Alberto Giacometti may seem like a known quantity, but clever curators can still find ways to surprise us. That will be a constant challenge for the Fondation Giacometti, which opened a new space last year in a gorgeous Art Deco building in Montparnasse. The current exhibition, “Alberto Giacometti: Histoire de Corps (Narrating the Body)” is a great example of this curatorial intelligence, offering visitors a new perspective on the artist’s approach to the nude.
Although he played with various forms and subject matter at the beginning of his career and hooked up with the Surrealists for a while during the first half of the 1930s, Giacometti was primarily interested in representing the human body, the ultimate universal form harking back to prehistoric art, and he did so obsessively until the end of his life.
The exhibition demonstrates how his two favorite – and closest to hand – models, namely his wife Annette and his brother Diego – became the prototypes for most of his sculptures and paintings.
A roomful of drawings of nudes – some of them sketched on blank pages in books he was reading – from throughout his career makes a charming and intimate introduction to the show. The drawings of Annette on the walls clearly depict what became the archetypal body type for Giacometti’s female sculptures, with widespread breasts, narrow waist and generous hips.
There were few other models available to Giacometti, one of the curators explained, because it wasn’t easy to sit for him. He was highly demanding and easily became annoyed if the model didn’t hold the pose properly or long enough. Annette was familiar with his ways and was patient with him, but after a while, there was no longer any need for her to pose, since Giacometti knew her body by heart.
Was Giacometti a bit OCD? Perhaps. Not only did he portray the same models over and over, but after 1948, he settled on repetitions of his three favorite forms: standing women, walking men and heads. There were variations, of course, in size, materials, colors and treatments, but the female figure always stood in a rigid frontal pose, while the dynamic walking men strode energetically forward (earlier walking women just took baby steps).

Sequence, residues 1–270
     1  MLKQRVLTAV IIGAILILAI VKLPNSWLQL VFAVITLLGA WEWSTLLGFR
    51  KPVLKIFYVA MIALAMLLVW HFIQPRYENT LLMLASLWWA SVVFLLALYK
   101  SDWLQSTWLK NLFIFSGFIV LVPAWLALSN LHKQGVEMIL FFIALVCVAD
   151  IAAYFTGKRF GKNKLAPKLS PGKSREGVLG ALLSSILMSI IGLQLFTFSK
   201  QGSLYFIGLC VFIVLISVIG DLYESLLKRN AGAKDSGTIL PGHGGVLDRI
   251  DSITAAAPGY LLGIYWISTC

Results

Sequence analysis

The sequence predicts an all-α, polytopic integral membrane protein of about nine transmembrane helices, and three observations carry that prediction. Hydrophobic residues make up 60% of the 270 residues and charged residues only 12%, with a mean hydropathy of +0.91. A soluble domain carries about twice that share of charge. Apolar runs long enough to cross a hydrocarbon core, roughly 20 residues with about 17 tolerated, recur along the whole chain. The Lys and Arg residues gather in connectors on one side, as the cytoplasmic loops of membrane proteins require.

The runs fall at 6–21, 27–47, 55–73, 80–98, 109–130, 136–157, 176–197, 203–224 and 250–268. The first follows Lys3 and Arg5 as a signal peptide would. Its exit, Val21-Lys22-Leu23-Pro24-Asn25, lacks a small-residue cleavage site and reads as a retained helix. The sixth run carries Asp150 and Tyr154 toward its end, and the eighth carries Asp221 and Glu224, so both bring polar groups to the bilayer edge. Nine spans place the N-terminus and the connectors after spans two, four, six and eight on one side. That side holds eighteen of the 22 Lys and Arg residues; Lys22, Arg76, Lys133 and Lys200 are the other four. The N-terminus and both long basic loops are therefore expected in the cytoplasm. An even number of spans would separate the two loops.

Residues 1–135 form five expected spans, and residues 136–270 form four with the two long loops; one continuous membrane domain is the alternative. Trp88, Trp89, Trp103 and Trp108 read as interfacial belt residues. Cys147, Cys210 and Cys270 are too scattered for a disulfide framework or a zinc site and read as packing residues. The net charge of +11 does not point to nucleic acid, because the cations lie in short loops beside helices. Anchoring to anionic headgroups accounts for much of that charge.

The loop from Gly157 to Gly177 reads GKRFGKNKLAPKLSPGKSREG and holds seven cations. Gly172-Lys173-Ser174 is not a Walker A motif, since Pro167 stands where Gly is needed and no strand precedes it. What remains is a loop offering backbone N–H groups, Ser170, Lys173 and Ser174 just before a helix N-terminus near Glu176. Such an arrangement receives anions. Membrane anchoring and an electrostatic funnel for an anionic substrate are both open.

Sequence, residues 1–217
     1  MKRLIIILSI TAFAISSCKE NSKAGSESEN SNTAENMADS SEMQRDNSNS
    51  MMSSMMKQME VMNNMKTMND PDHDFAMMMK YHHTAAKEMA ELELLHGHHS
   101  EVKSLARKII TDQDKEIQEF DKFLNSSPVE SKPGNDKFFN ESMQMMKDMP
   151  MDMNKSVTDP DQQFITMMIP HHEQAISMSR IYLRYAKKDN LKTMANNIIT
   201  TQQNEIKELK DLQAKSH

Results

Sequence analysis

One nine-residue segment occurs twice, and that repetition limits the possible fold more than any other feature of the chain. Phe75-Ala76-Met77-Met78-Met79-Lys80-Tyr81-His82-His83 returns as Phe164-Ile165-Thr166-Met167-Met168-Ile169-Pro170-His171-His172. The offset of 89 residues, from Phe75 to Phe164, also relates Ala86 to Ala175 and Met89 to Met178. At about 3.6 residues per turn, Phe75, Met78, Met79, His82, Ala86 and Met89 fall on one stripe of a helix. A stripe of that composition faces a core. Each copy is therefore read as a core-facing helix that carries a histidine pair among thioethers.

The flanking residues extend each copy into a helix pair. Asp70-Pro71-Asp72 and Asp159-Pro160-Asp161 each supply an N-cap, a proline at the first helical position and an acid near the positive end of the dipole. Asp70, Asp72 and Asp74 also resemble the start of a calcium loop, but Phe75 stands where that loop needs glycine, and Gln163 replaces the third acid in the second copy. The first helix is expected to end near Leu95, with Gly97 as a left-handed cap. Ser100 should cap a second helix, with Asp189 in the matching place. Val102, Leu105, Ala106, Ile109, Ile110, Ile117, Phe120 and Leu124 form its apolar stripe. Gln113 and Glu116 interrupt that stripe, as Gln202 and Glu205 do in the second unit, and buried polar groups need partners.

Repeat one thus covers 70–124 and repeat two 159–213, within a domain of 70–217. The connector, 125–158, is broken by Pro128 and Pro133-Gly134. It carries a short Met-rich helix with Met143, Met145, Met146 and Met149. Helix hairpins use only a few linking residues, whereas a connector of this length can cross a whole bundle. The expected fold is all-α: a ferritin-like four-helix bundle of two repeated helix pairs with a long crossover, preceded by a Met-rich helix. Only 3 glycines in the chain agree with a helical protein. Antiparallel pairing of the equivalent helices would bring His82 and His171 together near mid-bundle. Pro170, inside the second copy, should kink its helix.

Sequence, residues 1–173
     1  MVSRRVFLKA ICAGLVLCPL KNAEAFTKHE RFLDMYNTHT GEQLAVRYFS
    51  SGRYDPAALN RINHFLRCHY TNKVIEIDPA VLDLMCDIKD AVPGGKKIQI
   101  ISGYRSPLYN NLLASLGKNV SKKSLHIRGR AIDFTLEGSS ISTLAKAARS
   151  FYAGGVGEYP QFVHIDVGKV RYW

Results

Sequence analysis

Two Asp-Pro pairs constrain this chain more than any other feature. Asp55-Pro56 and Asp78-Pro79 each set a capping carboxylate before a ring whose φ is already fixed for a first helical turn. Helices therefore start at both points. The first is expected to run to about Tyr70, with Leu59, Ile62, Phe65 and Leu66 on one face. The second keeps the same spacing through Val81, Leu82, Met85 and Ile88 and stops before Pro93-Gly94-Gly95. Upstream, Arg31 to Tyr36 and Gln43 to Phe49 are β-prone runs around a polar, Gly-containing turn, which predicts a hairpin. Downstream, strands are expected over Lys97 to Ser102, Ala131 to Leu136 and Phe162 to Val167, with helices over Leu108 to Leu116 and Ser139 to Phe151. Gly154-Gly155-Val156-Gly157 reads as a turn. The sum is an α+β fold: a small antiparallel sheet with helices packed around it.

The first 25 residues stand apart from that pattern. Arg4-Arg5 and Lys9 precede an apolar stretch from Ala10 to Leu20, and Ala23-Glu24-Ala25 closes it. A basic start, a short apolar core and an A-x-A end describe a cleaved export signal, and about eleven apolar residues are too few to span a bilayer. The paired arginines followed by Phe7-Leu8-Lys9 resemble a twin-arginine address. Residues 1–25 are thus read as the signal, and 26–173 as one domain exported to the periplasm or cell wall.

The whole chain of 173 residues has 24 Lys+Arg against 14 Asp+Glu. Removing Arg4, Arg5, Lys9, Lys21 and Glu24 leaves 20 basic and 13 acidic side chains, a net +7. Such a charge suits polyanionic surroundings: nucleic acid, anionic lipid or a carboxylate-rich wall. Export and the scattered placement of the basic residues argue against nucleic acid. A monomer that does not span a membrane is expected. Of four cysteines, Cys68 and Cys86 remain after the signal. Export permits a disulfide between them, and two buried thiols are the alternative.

In spite of their familiarity, Giacometti’s spindly figures can still be amazingly effective, depending on how they are displayed. Years ago, for example, I was struck by the sight of a monumental walking man all alone in an enormous glassed-in space behind a pink beaded curtain in the Fondation Beyeler in Basel, Switzerland. Or, in this exhibition, three monumental standing women, of different styles, sizes and colors, are grouped together under a skylight.
One of them, “Grande Femme II” (1958), restored for this exhibition, was the outgrowth of a commission for the Chase Manhattan Bank, a project for which Giacometti worked on large versions of his three preferred forms. Frustrated by his inability to visualize them in the public square in New York, he finally aborted the project. It wasn’t a total loss, however, since the plasters still exist.
Do pay a visit to the foundation, not only to see this lovely exhibition but also to appreciate its beautifully restored home, which is worth the trip in itself.